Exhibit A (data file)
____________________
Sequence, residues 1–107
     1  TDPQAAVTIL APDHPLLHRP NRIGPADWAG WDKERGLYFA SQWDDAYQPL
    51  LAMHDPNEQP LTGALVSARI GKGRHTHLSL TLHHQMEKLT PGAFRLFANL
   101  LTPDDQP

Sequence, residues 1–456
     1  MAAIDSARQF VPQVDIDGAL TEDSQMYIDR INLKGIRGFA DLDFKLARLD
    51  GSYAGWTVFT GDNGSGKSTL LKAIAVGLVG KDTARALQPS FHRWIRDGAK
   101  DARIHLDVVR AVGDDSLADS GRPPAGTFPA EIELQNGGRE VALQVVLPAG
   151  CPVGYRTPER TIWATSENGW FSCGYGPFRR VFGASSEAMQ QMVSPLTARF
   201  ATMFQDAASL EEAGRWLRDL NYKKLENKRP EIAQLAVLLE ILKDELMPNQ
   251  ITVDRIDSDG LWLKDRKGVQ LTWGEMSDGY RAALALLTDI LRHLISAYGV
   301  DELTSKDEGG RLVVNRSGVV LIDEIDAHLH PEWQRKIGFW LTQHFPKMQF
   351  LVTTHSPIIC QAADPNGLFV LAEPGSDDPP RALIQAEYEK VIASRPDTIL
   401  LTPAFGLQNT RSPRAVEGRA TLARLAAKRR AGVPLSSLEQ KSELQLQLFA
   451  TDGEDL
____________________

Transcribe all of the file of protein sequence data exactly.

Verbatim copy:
Sequence, residues 1–107
     1  TDPQAAVTIL APDHPLLHRP NRIGPADWAG WDKERGLYFA SQWDDAYQPL
    51  LAMHDPNEQP LTGALVSARI GKGRHTHLSL TLHHQMEKLT PGAFRLFANL
   101  LTPDDQP

Sequence, residues 1–456
     1  MAAIDSARQF VPQVDIDGAL TEDSQMYIDR INLKGIRGFA DLDFKLARLD
    51  GSYAGWTVFT GDNGSGKSTL LKAIAVGLVG KDTARALQPS FHRWIRDGAK
   101  DARIHLDVVR AVGDDSLADS GRPPAGTFPA EIELQNGGRE VALQVVLPAG
   151  CPVGYRTPER TIWATSENGW FSCGYGPFRR VFGASSEAMQ QMVSPLTARF
   201  ATMFQDAASL EEAGRWLRDL NYKKLENKRP EIAQLAVLLE ILKDELMPNQ
   251  ITVDRIDSDG LWLKDRKGVQ LTWGEMSDGY RAALALLTDI LRHLISAYGV
   301  DELTSKDEGG RLVVNRSGVV LIDEIDAHLH PEWQRKIGFW LTQHFPKMQF
   351  LVTTHSPIIC QAADPNGLFV LAEPGSDDPP RALIQAEYEK VIASRPDTIL
   401  LTPAFGLQNT RSPRAVEGRA TLARLAAKRR AGVPLSSLEQ KSELQLQLFA
   451  TDGEDL